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The photographs were unearthed in a vault under the Canadian Broadcasting Corporation building
Among them is an image of the Beatles performing at Maple Leaf Gardens in Ontario, Canada, in 1964
Others include a picture of Rolling Stones frontman Mick Jagger in 1965 and one of The Doors in 1967.

These never-before-seen pictures of iconic musicians and bands including The Beatles are set to go on display in the UK this summer.



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After the Beatles’ history-making appearance on The Ed Sullivan Show, fans didn’t have to wait too long for another glimpse of the group. On Feb. 16, 1964, only one week after their debut, the Beatles performed again on the popular TV variety show. In the interim, the Beatles had their first U.S. concerts — at the Washington Coliseum in Washington, D.C., and two shows at New York’s Carnegie Hall on Feb. 12. The next day, they, flew down to Miami, where Sullivan’s show was being broadcast from the Deauville Hotel in Miami Beach. For the Beatles, so accustomed to the miserable British winters, Florida was a paradise.

“We had never been anywhere where there were palm trees,” said Paul in Anthology. “We had a great time down there. We played at one of the hotels … and we’d look down on the beach where the fans would write ‘I love John’ in the sand, so big we could read it from our rooms.”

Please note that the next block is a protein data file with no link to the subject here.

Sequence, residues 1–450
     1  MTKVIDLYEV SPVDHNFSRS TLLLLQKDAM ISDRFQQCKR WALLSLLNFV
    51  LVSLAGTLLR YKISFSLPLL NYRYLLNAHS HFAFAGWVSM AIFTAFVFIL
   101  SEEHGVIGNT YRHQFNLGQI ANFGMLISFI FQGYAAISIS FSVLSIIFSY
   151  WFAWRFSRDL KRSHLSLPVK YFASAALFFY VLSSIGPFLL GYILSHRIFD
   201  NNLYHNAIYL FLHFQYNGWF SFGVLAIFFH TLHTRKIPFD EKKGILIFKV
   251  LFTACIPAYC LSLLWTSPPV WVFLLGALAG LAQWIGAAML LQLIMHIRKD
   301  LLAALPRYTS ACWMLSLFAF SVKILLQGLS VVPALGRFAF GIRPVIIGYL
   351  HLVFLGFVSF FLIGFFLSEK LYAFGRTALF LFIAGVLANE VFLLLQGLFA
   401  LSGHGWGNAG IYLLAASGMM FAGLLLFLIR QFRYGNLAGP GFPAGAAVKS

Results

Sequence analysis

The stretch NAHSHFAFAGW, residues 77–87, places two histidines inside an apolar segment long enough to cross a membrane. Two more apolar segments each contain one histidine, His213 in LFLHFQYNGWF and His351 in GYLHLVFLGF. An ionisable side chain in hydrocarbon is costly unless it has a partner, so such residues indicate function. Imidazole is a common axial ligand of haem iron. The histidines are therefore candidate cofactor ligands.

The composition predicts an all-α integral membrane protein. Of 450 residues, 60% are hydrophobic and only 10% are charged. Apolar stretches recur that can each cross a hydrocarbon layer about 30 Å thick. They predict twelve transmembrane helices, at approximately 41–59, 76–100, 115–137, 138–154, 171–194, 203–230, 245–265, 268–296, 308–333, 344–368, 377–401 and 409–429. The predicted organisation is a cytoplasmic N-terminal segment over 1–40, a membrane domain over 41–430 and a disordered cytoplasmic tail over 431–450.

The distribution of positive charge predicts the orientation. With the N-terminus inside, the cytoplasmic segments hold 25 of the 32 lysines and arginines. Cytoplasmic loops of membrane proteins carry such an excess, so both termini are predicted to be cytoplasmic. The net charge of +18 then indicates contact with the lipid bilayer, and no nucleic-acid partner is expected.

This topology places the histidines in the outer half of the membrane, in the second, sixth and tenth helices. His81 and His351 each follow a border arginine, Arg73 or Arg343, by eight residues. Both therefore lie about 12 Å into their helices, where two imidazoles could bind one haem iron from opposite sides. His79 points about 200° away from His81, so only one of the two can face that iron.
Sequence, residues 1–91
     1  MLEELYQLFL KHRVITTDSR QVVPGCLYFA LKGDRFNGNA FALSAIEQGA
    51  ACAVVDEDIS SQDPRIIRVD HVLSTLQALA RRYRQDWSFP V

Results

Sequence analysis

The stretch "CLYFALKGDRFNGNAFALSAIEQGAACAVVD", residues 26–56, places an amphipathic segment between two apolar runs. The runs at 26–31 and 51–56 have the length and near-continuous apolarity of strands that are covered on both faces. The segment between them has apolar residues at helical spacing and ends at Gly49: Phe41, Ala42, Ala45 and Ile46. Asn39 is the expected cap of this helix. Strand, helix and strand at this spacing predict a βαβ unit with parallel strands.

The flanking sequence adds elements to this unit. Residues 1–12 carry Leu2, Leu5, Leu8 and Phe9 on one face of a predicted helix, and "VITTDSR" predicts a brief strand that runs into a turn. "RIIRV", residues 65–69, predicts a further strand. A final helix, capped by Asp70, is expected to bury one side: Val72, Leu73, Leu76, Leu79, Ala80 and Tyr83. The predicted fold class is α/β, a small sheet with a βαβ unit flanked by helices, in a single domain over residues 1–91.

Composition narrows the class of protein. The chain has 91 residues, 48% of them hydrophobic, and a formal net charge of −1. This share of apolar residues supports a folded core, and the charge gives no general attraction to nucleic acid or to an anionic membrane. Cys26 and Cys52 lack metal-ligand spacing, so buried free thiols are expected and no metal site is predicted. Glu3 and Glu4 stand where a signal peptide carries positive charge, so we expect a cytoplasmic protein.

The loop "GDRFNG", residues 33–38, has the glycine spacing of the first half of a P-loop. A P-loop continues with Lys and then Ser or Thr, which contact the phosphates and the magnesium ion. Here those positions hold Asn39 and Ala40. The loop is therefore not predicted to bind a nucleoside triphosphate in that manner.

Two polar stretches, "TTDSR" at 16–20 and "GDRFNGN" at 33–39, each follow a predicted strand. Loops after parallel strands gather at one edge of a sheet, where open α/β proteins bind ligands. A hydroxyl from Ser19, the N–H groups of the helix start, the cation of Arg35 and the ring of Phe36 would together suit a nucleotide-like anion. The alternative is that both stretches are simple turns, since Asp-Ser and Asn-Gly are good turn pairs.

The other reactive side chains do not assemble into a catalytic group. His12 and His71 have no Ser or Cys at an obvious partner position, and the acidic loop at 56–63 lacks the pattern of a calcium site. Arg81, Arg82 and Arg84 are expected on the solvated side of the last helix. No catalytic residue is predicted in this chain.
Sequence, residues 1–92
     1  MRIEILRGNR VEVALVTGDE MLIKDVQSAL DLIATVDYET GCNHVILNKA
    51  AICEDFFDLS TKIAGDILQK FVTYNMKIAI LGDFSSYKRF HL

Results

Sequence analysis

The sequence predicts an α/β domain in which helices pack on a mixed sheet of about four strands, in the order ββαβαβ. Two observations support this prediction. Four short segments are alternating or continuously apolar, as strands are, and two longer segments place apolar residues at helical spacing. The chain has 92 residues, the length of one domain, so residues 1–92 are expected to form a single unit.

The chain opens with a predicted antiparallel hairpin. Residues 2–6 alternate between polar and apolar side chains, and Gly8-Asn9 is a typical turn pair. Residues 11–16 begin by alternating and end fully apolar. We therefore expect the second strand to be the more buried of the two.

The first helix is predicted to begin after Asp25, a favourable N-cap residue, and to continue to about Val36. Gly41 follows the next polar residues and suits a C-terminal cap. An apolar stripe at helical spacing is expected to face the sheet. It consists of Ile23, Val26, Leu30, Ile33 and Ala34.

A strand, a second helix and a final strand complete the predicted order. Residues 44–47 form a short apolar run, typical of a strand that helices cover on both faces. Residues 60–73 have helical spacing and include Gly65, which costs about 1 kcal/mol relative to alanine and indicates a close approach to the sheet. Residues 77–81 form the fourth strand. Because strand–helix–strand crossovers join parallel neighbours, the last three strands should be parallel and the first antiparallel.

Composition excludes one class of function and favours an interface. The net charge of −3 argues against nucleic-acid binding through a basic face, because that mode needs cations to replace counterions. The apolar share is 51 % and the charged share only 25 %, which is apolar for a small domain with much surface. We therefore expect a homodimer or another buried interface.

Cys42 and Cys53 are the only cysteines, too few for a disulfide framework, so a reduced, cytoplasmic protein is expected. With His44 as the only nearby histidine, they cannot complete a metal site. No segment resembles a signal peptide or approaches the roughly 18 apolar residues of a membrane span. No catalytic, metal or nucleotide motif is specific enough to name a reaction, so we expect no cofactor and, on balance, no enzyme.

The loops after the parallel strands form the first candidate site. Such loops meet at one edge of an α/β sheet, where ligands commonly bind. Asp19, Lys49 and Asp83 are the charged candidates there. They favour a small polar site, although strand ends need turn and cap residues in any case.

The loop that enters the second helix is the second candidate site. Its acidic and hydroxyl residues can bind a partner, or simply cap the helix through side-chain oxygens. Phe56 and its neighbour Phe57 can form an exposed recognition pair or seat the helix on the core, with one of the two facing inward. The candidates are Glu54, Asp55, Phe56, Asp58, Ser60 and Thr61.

After a few days of relative relaxation in the water, it was time for the show. Sullivan introduced them by recognizing the importance of the previous week’s events.

“And now, this has happened again,” he began. “Last Sunday, on our show in New York, the Beatles played to the greatest TV audience that’s ever been assembled in the history of American TV. Now tonight, here in Miami Beach, again the Beatles face a record-busting audience. Ladies and gentlemen, here are four of the nicest youngsters we’ve ever had on our stage … the Beatles! Bring ’em on!”

The performance took place at The Beatles’ Miami hotel, the Deauville, from 8pm-9pm in front of an audience of 2,600. They followed the same format as the first shot — three songs at the start (“She Loves You,” “This Boy” and “All My Loving”) and another three at the end (“I Saw Her Standing There,” “From Me to You” and “I Want to Hold Your Hand”). At the conclusion, Sullivan brought them over to say that Richard Rodgers, who wrote the music for dozens of Broadways shows including Pal Joey, Oklahoma and The Sound of Music, contacted S